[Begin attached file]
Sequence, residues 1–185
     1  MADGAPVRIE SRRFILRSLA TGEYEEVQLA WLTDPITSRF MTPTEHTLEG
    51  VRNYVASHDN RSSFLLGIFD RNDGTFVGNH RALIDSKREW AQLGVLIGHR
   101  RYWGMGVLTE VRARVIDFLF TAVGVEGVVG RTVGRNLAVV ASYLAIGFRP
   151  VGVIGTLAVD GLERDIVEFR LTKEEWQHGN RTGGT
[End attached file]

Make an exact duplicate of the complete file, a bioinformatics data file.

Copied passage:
Sequence, residues 1–185
     1  MADGAPVRIE SRRFILRSLA TGEYEEVQLA WLTDPITSRF MTPTEHTLEG
    51  VRNYVASHDN RSSFLLGIFD RNDGTFVGNH RALIDSKREW AQLGVLIGHR
   101  RYWGMGVLTE VRARVIDFLF TAVGVEGVVG RTVGRNLAVV ASYLAIGFRP
   151  VGVIGTLAVD GLERDIVEFR LTKEEWQHGN RTGGT